As a long time fan there are echoes that felt familiar in this story to me to other stories and characters. Cardinal remind me to a degree of a less experienced and independent minded Kal Skirata. The world of Parnassos feels a bit like Kesh from John Jackson Miller’s Lost Tribe of the Sith. Later in the book there is an arena scene that feels like a mash-up of Gladiator, Mad Max and the Asajj Ventress arena scene from the Gendy Clone Wars series. The exposure we get to the First Order stormtroopers in the novel has very clear echos to the Prequel era Clone Troopers, especially with the numbers instead of names and the training regimes.

Close readers will notice ties in this book to Chuck Wendig’s Aftermath trilogy as well as Jason C Fry’s Servants of the Empire series. These ties continue to really flesh out what we know about the First Order but still leave us anxiously waiting to learn more about Supreme Leader Snoke and how he came to be atop this movement.

The book further gives us a tantalizing look at the internal power dynamics in the First Order between Brendol, his son Armitage, Phasma, and Cardinal. General Armitage Hux got a good deal of screen time in The Force Awakens including one scene that showed his rivalry for power with Kylo Ren. This book goes on to develop his character a little more heading into The Last Jedi and shows us just how ruthless a customer he is.

One of the biggest disappointments of The Force Awakens was how little Phasma was used and how easily she got punked by Chewie, Han and Finn.  The novel helps explain to my mind the odd moment in TFA were Phasma is captured and very quickly complies with the heroes request to shut down the shields. Phasma’s naked self-interest and the casually expendable way she looks at other people’s lives, help make what is a kind of weak bit of writing in the film have a plausible character based origin. But this all goes further and based on the novel, I have to wonder if Phasma wanted Starkiller Base to be destroyed because having command for it made General Hux too powerful. In my reading of Phasma’s character, Hux is only useful if she can team with him to displace Kylo Ren and then turn on him herself and be Snoke’s chief lieutenant.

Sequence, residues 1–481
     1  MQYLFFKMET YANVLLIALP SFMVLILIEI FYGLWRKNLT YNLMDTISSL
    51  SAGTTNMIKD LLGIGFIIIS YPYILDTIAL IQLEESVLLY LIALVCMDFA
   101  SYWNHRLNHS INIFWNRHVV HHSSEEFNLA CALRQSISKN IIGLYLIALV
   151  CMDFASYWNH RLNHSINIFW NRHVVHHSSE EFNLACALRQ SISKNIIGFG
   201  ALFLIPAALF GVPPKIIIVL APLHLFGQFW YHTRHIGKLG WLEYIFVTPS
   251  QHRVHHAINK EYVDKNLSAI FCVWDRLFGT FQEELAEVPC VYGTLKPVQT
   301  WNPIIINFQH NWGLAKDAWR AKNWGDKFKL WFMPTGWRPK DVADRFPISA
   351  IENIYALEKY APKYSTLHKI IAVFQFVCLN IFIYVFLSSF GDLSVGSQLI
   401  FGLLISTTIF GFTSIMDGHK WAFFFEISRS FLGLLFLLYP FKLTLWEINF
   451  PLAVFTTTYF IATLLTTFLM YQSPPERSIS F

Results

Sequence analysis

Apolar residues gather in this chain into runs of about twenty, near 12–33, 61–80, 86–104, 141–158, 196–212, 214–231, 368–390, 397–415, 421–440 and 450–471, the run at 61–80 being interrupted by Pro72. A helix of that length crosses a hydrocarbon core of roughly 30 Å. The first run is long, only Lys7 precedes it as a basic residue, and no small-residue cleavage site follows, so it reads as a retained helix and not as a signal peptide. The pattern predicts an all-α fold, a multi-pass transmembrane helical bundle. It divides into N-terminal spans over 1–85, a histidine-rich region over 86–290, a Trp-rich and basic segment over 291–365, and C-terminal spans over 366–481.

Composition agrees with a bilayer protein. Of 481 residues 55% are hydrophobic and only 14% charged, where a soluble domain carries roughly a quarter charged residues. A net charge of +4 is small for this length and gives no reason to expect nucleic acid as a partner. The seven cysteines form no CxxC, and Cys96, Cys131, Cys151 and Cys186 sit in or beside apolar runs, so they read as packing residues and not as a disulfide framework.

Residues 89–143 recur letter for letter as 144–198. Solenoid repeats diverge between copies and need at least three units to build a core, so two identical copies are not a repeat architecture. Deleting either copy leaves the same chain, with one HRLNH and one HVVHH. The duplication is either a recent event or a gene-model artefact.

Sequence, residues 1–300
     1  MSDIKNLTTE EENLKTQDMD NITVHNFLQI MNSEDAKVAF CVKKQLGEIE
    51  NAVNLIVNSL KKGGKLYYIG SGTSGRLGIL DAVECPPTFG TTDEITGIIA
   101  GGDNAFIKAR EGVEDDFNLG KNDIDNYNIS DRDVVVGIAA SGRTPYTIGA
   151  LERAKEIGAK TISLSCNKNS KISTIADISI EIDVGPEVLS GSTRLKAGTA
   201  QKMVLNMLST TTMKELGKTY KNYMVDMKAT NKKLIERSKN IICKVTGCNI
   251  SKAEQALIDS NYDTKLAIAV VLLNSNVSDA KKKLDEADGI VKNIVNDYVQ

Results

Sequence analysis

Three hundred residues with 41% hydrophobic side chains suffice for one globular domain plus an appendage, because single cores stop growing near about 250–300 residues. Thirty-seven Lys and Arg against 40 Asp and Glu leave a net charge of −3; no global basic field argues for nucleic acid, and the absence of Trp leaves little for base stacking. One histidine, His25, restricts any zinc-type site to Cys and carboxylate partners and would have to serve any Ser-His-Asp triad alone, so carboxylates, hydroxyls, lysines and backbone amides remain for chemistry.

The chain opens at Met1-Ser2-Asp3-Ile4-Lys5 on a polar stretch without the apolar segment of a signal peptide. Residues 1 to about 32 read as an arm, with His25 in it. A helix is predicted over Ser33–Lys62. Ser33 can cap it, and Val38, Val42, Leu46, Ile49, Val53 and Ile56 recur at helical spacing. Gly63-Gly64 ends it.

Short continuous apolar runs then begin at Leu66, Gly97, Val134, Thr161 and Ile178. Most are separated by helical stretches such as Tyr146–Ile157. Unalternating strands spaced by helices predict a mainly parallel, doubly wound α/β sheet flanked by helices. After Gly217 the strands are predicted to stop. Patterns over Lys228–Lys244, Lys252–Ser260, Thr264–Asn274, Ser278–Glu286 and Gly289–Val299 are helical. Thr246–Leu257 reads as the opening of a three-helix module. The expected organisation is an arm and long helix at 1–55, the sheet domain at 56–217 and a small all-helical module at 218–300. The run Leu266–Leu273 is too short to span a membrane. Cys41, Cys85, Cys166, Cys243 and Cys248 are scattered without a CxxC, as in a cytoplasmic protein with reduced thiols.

There is a lot going on in this novel, but there is one thing that stood out to me as a reader that I particularly and that is the characters of Siv and Torben. We spend a good deal of time with Siv and less with Torben but the relationship between these two characters is something that I absolutely loved.

Of course one of the big events in the novel is the confirmation of a fact that had been previously discussed, that is the origin of Phasma’s armor. That is some armor with a pretty cool lineage.

In addition to reading the novel, I did also sample the unabridged audiobook which is read by January LaVoy. In terms of audiobooks, Penguin Random House does a terrific job on production quality with sound effects. I really enjoy LaVoy’s smooth voice, it is easy to listen to. The only critique I would have is I am not a real fan of her voice for Cardinal. But it is a very enjoyable listening experience.


Phasma ends in a way that opens up the possibility of a sequel and given the quality of this novel a second order of Phasma is definitely called for. While Phasma is billed as part of the Journey to The Last Jedi, it would really fit better as part of the Journey to The Force Awakens. This is a relatively small critique however of a novel that was easily the most pleasant reading experience of the new canon adult novels. This one is easy to recommend as a must read that introduces some very compelling new characters and fleshes out some preexisting characters in ways that enhances the movie watching experience significantly.

I definitely think Delilah Dawson earned her Captain’s cape with this one.

Star Wars: Phasma is on sale now in hardcover, ebook and audiobook formats. For more information on the book and how to buy visit Penguin Random House.